Saturday, April 5, 2008


Red pigments have an interesting history.
Up to the XIIIth century few people knew that the most beautiful reds were made from an insect which lives primarily on the nopal cactus in America and in the bark of a tree in Asia. The fact that the intense crimson red, used for cloth as well as for paint, was obtained by squishing thousands of bugs, was kept a secret for obvious reasons - it was not very appetizing. The name crimson, carmesí in Spanish, Karmesinrot in German and carmine in English, has its roots in the persian word "kermes"- the name for the bug.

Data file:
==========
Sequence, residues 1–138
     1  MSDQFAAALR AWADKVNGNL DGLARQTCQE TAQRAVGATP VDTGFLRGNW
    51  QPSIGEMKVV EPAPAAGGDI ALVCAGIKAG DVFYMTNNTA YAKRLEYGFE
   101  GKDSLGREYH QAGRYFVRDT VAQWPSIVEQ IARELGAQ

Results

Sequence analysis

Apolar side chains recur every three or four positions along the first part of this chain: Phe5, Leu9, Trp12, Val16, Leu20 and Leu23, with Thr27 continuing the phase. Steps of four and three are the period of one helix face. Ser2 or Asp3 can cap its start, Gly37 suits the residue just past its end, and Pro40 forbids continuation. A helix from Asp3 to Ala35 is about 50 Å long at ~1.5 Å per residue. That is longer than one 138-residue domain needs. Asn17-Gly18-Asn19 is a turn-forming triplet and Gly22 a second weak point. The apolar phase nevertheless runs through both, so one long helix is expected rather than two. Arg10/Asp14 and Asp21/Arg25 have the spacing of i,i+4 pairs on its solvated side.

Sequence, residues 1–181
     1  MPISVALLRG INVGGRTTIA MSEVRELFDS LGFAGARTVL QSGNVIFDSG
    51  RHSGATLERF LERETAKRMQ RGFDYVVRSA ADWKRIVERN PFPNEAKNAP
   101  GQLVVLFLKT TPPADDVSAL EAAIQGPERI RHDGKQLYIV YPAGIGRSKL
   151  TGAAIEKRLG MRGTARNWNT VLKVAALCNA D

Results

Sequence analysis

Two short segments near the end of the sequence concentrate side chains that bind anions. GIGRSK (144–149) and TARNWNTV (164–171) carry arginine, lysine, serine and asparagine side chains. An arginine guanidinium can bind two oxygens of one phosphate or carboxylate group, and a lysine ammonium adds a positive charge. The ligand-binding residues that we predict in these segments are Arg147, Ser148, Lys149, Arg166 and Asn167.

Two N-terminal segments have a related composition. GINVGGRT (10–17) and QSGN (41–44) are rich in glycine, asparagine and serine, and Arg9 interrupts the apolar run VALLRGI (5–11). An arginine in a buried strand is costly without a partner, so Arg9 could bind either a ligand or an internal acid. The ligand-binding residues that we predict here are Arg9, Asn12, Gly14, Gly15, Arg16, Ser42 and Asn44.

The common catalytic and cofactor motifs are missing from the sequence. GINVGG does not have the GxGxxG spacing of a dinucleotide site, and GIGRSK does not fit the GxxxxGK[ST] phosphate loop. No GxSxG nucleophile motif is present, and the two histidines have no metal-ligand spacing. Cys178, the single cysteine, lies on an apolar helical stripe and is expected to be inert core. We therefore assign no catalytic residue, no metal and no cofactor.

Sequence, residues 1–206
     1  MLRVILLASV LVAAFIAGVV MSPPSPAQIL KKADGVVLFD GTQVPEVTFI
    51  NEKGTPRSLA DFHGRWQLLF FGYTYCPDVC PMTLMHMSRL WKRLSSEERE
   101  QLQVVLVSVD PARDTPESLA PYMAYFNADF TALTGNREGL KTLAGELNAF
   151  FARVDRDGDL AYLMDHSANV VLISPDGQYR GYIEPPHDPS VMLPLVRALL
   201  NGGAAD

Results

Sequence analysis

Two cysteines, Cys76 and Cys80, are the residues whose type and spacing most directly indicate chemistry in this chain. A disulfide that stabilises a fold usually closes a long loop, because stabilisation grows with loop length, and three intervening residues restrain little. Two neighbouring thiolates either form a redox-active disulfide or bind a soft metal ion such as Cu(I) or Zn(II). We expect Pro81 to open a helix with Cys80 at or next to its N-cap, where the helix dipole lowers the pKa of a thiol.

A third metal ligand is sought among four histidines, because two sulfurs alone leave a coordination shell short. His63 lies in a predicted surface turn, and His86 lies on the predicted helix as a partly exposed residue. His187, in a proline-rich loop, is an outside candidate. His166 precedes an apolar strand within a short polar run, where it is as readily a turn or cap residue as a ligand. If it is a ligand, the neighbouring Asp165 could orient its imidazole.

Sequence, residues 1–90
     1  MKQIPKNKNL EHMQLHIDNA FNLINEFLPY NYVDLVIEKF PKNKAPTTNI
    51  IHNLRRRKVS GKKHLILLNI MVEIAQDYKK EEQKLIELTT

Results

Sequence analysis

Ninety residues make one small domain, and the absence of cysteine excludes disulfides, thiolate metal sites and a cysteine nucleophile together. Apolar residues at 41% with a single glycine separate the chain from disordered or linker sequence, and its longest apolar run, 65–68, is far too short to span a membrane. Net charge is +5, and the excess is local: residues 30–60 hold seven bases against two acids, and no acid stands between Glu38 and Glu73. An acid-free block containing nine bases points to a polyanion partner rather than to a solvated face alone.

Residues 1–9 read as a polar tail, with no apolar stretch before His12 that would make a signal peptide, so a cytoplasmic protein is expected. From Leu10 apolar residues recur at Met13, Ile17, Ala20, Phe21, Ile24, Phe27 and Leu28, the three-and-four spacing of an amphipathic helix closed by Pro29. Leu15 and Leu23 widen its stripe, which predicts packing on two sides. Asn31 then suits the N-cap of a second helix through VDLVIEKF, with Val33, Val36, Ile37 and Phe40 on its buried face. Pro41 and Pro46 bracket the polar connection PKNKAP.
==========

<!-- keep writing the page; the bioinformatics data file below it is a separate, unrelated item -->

The facts about another ancient source of red are not much better, at least not for the health of those who produced it: Vermillion was made by mixing mercury and sulfur, both highly toxic.
As was Lead- or Minium red: It was obtained by heating toxic lead white.
Apart from their repulsive or toxic ingredients, none of these reds were permanent.
What a relief that today´s artists don´t have to deal with any of that!

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